Your reflection on the Christian vision of God will be a precious contribution both to the life of the faithful and to our dialogue with believers of other religions and with non-believers. In fact, the word "theo-logy" itself reveals the communicative aspect of your work — in theology we seek — through the "logos", to communicate what "we have seen and heard" (1 Jn 1:3). But we know well that the word logos" has a very broad meaning that also comprehends the sense of "ratio", "reason". And this leads us to a second point of great importance. We can think of God and communicate what we have thought because he has endowed us with a reason in harmony with his nature. It is not by chance that John begins with the affirmation, "In the beginning there was the Logos... and the Logos was God" (cf. Jn 1:1). To accept the Logos — this Divine thought — is ultimately to contribute to peace on earth. Indeed, to know God in his true nature is also the certain way to secure peace. A god that is not seen as the font of forgiveness, of justice and of love, cannot be a light on the path of peace.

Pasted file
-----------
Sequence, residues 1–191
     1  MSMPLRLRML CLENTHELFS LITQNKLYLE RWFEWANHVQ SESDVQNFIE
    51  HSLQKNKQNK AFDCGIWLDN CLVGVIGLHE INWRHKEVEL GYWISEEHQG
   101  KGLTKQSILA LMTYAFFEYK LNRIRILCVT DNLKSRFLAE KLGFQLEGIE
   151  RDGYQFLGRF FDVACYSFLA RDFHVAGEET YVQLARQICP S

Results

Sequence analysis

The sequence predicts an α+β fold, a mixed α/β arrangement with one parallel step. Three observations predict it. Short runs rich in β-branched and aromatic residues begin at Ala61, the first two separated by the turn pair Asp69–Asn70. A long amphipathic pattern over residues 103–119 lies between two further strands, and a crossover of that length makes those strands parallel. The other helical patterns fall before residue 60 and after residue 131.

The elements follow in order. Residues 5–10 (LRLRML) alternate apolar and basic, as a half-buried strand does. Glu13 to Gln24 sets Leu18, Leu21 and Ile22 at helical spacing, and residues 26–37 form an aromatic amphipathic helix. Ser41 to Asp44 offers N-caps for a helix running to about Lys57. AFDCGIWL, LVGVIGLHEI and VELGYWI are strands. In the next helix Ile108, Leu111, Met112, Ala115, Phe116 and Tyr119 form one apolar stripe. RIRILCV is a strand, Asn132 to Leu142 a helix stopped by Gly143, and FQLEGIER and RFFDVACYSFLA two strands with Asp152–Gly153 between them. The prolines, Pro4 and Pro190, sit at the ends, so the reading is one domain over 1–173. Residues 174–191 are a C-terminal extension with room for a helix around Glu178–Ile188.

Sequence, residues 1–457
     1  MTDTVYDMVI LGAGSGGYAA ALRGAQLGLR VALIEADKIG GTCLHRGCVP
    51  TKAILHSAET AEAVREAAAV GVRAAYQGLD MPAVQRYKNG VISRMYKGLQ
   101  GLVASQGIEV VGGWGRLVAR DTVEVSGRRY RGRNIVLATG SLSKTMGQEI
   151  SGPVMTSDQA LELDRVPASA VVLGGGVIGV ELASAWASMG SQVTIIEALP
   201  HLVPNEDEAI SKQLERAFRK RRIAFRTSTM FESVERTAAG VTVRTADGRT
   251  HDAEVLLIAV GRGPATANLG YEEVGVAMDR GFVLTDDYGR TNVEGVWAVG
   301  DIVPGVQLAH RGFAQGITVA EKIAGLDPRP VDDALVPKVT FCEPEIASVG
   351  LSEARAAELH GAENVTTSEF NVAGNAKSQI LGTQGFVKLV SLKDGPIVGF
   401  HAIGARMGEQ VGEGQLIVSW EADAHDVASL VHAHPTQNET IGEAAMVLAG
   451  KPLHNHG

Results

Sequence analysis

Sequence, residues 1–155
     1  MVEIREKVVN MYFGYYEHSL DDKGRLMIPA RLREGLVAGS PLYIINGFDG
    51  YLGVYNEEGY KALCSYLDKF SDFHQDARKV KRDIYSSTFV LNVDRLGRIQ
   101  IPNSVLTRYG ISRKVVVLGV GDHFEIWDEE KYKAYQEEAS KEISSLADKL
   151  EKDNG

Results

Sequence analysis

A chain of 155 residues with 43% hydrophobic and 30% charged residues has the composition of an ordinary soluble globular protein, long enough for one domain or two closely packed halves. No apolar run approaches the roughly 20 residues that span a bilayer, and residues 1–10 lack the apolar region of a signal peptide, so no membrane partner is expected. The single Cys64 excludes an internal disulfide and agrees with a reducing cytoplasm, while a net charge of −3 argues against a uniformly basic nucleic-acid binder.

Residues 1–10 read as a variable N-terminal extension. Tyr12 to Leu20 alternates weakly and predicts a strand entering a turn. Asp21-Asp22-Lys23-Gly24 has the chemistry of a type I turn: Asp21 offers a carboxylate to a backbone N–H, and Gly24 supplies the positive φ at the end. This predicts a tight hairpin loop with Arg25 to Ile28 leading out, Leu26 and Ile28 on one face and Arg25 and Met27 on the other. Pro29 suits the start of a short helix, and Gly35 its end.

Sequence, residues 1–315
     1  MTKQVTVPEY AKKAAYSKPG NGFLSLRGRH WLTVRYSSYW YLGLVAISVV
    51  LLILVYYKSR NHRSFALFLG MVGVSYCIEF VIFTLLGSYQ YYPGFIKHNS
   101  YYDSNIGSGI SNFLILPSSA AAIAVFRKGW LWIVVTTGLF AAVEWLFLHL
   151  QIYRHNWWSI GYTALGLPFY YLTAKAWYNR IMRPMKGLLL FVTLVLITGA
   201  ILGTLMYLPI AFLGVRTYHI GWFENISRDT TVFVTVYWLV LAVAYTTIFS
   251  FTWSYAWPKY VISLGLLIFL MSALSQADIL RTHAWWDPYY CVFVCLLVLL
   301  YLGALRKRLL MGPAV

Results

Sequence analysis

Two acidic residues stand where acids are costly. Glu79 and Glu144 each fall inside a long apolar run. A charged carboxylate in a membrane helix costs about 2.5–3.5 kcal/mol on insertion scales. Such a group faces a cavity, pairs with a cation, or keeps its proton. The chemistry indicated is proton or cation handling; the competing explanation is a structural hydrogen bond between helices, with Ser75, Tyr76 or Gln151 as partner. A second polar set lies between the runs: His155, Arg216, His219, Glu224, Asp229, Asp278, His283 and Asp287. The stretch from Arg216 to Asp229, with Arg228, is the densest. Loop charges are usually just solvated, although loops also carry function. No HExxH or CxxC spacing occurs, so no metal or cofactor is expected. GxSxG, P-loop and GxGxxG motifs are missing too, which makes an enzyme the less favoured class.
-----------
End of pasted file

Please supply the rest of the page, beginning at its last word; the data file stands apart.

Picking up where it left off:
Since man always strives to connect the different branches of his knowledge, the knowledge of God is also organized in a systematic way. Yet no theological system can subsist unless it is permeated by love of the divine "Object", which in theology must necessarily be the "Subject" that speaks to us and with whom we are in a relationship of love. Thus, theology must always be fed by dialogue with the divine Logos, Creator and Redeemer. Moreover, theology is not theology unless it is integrated into the life and reflection of the Church through time and space. Yes, it is true that in order to be scientific theology must argue rationally, but it must also be faithful to the nature of ecclesial faith: centred on God, rooted in prayer, in a communion with the other disciples of the Lord guaranteed by communion with the Successor of Peter and with the whole Episcopal College.